A client showed me this memo—it was titled “No More Dark Offices!” He was the founder and CEO of a fairly large firm, and the memo explained how he stays in the office every night till 7 p.m. He wrote that when he was walking out, all he could see were “dark offices.” A “dark office” meant no one was in, the employees had left for the day. The CEO wrote in frustration that there should be no more dark offices and that everyone should stay at least as late as he does and work harder.

Few CEOs make such statements explicitly, but in reality many advisory firm leaders are equally frustrated and have the same wish—that somehow their professionals would stay later and work harder. Many feel they can’t say what’s on their minds because such statements would go against the widely held belief in a “balanced life.” Nonetheless, they truly believe that to be successful one has to “balance” more on the work side of the equation.

People at practically every firm I have ever encountered make eager and well-meaning statements about balanced lives. But in most firms, both the leadership and the staff struggle to define what exactly that means.

Consider this problem: It is a Tuesday, and your daughter needs help setting up for the science fair, starting at 4 p.m. Is it OK to leave the office at 3:30 so you can go? More important, does leaving at 3:30 result in you being labeled “a lifestyle professional” and seen as not working very hard? What if it’s not a onetime event? What if you coach a kids’ soccer team that practices every Tuesday at 4 p.m.? No firm ever says “You can’t go to your kids’ events,” but the problem is that in many if not most firms the price you pay for that is the perception that you don’t work hard and that you have chosen family over career.

Defining Balance
The best thing a firm can do to help its younger professionals find the tricky balance of life and work (and for leaders to avoid frustration) is to define what “balance” really means. It’s not just answering the question, “Can I go home early?” It really means clarifying, “Can you go home early and still be successful?”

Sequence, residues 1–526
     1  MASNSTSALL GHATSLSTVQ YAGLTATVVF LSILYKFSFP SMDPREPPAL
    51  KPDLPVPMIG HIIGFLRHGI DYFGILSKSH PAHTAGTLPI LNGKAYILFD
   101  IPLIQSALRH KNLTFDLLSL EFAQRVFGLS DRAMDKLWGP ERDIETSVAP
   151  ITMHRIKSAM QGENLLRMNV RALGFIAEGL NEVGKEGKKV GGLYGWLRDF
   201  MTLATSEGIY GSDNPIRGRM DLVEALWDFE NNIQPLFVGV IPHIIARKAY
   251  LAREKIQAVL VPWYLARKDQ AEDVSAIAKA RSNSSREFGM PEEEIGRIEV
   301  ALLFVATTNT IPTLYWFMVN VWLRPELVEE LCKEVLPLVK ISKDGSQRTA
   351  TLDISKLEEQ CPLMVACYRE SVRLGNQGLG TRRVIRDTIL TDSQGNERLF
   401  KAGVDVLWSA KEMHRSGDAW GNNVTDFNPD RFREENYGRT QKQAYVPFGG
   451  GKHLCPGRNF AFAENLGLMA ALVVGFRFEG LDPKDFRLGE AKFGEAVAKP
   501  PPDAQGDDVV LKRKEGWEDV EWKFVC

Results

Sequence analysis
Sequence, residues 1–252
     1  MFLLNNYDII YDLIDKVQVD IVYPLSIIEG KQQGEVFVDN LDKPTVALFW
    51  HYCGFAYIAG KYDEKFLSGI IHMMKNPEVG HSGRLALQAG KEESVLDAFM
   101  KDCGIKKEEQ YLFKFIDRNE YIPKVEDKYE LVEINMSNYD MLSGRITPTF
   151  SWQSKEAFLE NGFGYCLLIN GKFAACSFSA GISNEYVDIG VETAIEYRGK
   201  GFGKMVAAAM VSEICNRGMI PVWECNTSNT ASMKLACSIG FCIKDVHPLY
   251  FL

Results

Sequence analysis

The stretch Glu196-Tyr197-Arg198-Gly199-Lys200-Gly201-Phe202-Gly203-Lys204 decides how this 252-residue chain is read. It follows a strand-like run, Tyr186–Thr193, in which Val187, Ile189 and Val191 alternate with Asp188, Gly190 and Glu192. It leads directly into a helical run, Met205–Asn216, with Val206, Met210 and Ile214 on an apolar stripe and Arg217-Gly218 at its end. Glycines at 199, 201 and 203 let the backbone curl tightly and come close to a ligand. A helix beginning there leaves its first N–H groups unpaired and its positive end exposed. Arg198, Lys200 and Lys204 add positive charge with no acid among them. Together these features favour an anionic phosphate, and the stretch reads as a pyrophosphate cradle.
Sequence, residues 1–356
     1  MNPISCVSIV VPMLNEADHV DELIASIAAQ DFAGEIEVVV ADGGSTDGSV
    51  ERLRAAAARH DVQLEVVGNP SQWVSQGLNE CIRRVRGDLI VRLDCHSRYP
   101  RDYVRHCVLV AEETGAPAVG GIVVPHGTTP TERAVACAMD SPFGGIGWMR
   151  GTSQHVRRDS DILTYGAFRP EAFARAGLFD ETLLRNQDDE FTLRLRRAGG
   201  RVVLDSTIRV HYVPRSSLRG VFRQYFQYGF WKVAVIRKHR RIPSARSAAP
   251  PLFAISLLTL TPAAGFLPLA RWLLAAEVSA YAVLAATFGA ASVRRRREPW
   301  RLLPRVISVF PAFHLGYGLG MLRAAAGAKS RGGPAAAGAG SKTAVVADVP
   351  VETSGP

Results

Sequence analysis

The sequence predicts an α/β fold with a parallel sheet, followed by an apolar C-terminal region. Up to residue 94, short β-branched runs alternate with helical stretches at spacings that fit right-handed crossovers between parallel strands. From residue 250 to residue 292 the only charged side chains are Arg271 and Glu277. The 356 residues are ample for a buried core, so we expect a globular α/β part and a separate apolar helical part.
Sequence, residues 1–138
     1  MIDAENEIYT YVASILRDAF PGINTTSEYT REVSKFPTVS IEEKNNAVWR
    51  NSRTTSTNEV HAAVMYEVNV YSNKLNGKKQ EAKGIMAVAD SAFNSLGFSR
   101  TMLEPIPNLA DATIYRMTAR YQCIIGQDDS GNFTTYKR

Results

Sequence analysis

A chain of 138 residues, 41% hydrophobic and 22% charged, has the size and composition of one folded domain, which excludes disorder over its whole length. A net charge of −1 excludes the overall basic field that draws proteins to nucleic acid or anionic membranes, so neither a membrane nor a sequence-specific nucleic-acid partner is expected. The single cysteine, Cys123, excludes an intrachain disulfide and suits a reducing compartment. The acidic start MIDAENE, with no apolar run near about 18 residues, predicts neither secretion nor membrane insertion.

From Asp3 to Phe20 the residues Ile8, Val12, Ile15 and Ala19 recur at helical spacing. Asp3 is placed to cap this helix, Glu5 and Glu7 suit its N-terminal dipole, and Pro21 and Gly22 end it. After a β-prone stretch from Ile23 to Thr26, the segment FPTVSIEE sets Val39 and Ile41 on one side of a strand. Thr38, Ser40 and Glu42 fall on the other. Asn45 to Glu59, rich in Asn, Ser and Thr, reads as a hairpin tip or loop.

A more open dialogue can help everyone, and it begins with the expectations of the firm. The leadership cannot and should not make employees’ personal choices—it can only define what is expected of them as professionals and make them aware of the consequences for not meeting those expectations.

Firms, of course, could be much more open in listing everything they expect. It means professionals should understand what they need to do in their career in order to be successful. How many clients should they handle? How much new business should they develop? What participation should they have in the management of the firm? What level of community involvement is expected? An open and explicit statement of expectations will allow a firm to examine the commitments necessary.

Perhaps when everything is said and done, it is very difficult to have a balanced life, and this understanding may help professionals recognize what they can and cannot do in their personal lives. Perhaps after all the work commitments are considered, it is not possible to commit to coaching the soccer team.

When we articulate these expectations, they should raise some hard questions:

• Are the only people who can achieve them people with no kids or family commitments? Or people whose spouses are willing to take care of family while they pursue their careers?

• Are we creating expectations that cannot be met by some employees—specifically, working parents?

• How much are we really dedicated to giving our employees a balanced life?

A big accounting firm I once worked with budgets the time of its professionals with the expectation they will work 2,500 hours a year—about 500 more than you’d get from the standard 40 hour week. You may agree or disagree with that schedule, but at least everyone knows what is expected. It’s explicit.

Beware Your Own Example
Work-life balance is truly a question of the values inherent in a firm’s culture. In most things cultural, the best definition of values usually comes from the example set by the leaders. If they are always in the office from 7 a.m. to 7 p.m., it will be difficult for others to leave early without some damage to their career. This will be true no matter what is said out loud—the example will always trump the statement made in the “Our Culture” PowerPoint presentation.

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